What Are Smartwatches and Do You Need One?
Awareness of smartwatches went through the roof when Apple recently announced its intentions to get into the ‘wearable tech’ market, but several other electronics companies are already out there with wrist-mounted gadgets of their own.
If anything this has only served to confuse the matter, as each one seems to offer its own set of functions, and its own particular appeal, so we decided it was time to clarify exactly what you can expect from a smartwatch, and decide if you need one with the help of some simple infographics.
NOTE: It’s also worth considering the difference between sports and fitness watches, and smartwatches. Already there are a large number of fitness watches that offer GPS tracking and heart rate monitoring, though these types of watches generally don’t offer more generic ‘lifestyle’ functions, smartphone communication or accept the installation of new applications.
How smart are smartwatches?
So far, the word ‘smartwatch’ is actually quite misleading. True, these devices are smarter than your average watch, but their brain power generally isn’t located on your wrist.
The more advanced functions of a smartwatch are delivered by pairing them to your existing smartphone, which then uses the small screen of the smartwatch to deliver notifications and basic controls to you.
While this broadens the scope for what a smartwatch can do, it also means you need to own – or buy – a smartphone to use in conjunction with the watch, and carry them both when you’re out and about. They connect wirelessly, at least, so your smartphone can remain in your bag or pocket.
Are there games and apps for smartwatches?
Software developers that already make games and apps for smartphones (and there are a lot of them) are also looking at ways to make games and apps specifically for smartwatches. There are essentially two types of software in this situation; games and apps that run on your smartphone but connect to your smartwatch (so the smartphone must be near the watch), and games and apps that run directly on the smartwatch itself.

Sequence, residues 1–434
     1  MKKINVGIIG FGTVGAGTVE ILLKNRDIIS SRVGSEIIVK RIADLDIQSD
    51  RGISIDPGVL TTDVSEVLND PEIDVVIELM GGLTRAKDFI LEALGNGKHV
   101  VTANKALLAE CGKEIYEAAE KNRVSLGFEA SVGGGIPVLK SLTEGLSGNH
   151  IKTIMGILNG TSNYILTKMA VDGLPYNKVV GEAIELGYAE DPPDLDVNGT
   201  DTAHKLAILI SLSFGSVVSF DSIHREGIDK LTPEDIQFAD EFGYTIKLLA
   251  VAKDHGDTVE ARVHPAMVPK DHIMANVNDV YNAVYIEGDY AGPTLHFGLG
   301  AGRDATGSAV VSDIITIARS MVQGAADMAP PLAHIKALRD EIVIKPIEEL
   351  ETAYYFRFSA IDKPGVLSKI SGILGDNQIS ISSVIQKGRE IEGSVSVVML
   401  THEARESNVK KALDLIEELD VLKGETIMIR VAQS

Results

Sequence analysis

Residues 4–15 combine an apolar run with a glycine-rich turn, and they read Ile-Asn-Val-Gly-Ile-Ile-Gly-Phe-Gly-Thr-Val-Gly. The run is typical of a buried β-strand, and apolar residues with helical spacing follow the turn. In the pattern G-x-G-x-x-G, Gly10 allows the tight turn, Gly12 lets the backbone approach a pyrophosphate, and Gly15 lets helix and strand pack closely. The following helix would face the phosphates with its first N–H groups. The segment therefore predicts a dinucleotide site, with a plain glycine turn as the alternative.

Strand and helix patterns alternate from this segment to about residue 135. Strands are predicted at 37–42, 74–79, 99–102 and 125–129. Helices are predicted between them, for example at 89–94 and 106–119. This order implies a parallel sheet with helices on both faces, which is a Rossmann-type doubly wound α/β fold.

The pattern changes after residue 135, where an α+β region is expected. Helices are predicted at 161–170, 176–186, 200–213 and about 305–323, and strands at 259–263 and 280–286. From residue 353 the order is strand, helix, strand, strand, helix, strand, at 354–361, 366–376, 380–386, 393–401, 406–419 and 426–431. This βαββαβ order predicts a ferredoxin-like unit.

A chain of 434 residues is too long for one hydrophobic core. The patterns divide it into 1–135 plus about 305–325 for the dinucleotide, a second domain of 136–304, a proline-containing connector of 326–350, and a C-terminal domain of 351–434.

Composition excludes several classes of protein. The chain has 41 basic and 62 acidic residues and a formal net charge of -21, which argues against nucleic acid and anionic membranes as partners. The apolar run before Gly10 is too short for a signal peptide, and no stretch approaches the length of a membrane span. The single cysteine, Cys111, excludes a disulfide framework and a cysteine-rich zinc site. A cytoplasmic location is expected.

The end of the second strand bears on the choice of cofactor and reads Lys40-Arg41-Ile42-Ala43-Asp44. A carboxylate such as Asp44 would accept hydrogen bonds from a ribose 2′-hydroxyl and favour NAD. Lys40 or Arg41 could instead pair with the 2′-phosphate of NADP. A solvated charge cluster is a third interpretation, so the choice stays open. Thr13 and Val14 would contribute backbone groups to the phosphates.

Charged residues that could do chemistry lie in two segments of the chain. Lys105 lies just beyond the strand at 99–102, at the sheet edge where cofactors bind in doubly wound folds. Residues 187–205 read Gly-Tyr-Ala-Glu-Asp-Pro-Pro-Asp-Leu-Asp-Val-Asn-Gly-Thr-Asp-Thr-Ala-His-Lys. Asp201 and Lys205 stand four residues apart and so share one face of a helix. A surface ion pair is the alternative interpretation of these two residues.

The latter software will be more basic, since smartwatches don’t have anywhere near the kind of processing power, hardware features or controls that a smartphone has, but you’ll at least be able to use these games and apps even if you don’t have a smartphone.
What types of smartwatch are available?
Because smartwatches currently rely quite heavily on being connected to a smartphone, it’s important to make sure your devices will be compatible. Both the watch and the phones are expensive pieces of equipment, and if they won’t talk to each other, your money could have been waster.
Most manufacturers are adopting a spin-off of the Android operating system that’s found on the majority of smartphones, called Android Wear. This is a recently developed smartwatch operating system (much like Windows or OSX on your PC or Mac computer) by Google, and is already growing in terms of functionality.
Android Wear smartwatches are compatible with all Android smartphones, and will be for the foreseeable future, making them a good option if you might replace your smartphone before you replace your smartwatch (which is likely).
The recently announced Apple Watch has quite a few variations, but these are mostly cosmetic. The actual smartwatch hardware is the same across all models, and is compatible with iPhones. It’s unclear yet how autonomous the Apple Watch will ultimately be, and it’s worth keeping in mind that you’ll need an iPhone 5 or newer to sync it up with, and it won’t be compatible with Android devices. Ever.
Sony has a few smartwatches out there, which are built on Android making them compatible with all Android smartphones. They’re also waterproof, and have NFC for fast, easy pairing with a smartphone.
There are several versions of the Galaxy Gear smartwatch, and they use different operating systems. That said, they’re mostly compatible with Android smartphones, though there are limitations depending on the exact model. Some will only make use of all features if it’s tethered to a Samsung smartphone, while others use an Android-compatible system called Tizen that doesn’t seem to be catching on.
It’s decent hardware, but do your research first to make sure the model you want will hook up with your smartphone.
So there you have it. Now you have the lowdown it’s time to decide whether a smartwatch is the right choice for you.
For us only time will tell…